Listen. Paraphrasing one of my favorite quotes from Stephen Covey, “Listen with the intent to understand not the intent to reply.”. Your client wants to vent, complain, and most of all be heard. Practice patience and refrain from replying too quickly. Ask for details and seek to clarify any situations or confusion. Be appreciative that they’re coming to you with this and acknowledge the need for fixing the situation. Do not apologize or agree to any fault, just address the need for repair.
Identify the problem. After thoughtfully listening to your client’s problem you’ll want to confirm that you’re on the same page. Repeat the problem back to them and ask for their confirmation. Clarify any misunderstood expectations or communications that may have transpired. Make sure you completely understand what the client’s problem is.
Come up with solutions. Be accountable for the part you have played in any miscommunications, but don't own more than your share just to placate a client. If the client is wrong, don’t finger point. Use the wording from any contracts, bids, or policies you have in place to explain (not accuse) where the confusion may have come from. Assure the client that you will work with them to ensure a fair resolution. Whatever the solutions are, make sure you get the client’s agreement that they are acceptable. This can be done with a confirmation email or a new contract agreement.
Cut ‘em loose. Sometimes you just have to release the beast back into the wild. Yes, you can fire a client. When you’ve exhausted all efforts to make them happy the best decision can be to cut your losses. Make sure you have all contractual work finished, be polite, and perhaps recommend a company that can better service their needs. Give them the ol’ “It’s not you, it’s me.” You’ll want to be a fountian of kindness and gratitude. You never know when they’re going to talk about you and you want them to have positive things to say even if you weren’t able to meet their needs as they demanded.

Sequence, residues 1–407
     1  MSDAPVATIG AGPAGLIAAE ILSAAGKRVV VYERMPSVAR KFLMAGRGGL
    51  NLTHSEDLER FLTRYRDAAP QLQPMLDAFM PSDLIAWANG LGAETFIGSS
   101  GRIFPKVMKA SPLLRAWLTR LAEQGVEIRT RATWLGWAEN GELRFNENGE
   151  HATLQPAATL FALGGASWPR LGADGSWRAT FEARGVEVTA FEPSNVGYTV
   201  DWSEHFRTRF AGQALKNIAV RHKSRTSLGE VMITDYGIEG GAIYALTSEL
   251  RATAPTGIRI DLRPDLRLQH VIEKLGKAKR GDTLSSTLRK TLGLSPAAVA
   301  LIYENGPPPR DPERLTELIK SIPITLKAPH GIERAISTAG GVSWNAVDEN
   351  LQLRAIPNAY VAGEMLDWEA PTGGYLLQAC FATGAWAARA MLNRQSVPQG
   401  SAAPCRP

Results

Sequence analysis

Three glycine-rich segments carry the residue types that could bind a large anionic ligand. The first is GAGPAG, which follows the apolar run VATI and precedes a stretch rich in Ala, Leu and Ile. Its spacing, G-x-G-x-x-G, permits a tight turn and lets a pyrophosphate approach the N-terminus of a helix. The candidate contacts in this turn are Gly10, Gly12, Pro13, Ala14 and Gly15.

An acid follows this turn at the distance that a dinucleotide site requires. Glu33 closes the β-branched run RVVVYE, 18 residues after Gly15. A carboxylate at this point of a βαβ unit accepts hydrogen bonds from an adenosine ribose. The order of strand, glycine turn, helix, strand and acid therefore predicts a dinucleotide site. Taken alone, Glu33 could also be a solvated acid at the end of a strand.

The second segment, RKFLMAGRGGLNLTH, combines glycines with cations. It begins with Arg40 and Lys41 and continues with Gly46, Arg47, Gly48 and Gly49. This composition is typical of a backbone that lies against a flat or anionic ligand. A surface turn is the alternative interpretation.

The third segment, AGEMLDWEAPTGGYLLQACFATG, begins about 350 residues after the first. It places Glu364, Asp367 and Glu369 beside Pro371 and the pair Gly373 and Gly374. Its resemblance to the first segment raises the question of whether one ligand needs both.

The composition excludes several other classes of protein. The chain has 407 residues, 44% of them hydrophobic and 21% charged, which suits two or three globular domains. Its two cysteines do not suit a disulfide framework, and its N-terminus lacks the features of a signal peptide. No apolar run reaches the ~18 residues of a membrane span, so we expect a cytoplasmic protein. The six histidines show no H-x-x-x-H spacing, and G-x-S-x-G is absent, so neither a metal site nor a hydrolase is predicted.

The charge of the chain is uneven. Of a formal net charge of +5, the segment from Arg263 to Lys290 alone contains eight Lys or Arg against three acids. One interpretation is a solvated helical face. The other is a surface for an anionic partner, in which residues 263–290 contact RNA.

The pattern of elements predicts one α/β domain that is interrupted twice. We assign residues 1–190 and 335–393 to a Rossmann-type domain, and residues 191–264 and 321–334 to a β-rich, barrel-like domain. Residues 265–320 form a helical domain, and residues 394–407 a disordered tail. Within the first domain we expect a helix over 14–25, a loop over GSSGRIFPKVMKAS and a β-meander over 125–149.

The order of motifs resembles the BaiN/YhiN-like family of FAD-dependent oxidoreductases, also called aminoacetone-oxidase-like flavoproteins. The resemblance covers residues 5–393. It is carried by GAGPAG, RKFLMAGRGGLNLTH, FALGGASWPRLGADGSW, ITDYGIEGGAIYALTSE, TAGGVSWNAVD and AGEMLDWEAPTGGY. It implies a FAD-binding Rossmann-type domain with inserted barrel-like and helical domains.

Learn. Some of the best lessons for your business can be learned from a difficult client. Humility is your ally. What could you have done differently to make the situation go better? What could be done in the future to keep an incident from happening again? Did you do everything you could to meet their needs at an appropriate professional level, in other words are you sure it was them and not you? Are there training lessons to be learned? Should you tweak a system? Good or bad, there’s always a takeaway for next time.
Over the years, a majority of my best customers/clients have been born from an initial problem/incident/situation. It wasn’t me giving away the farm, or bending over backwards to make them happy. It was listening to what they had to say, treating them with respect, and remedying the situation fairly that became the foundation for a strong relationship.
Problems are going to happen, it’s inevitable. The best way to deal with a difficult client is to try to identify and avoid potential problems from the get go. Easier said than done, I know. Review your systems, scour your reviews, and ask the clients you have good relationships with for their feedback. By doing a bit of work periodically you might just see the potential of a problem before it happens. Being proactive is the best medicine. It will save you time, money, your reputation, and a whole lot of headaches, but it doesn't hurt to have a bottle of aspirin handy for those extra special clients!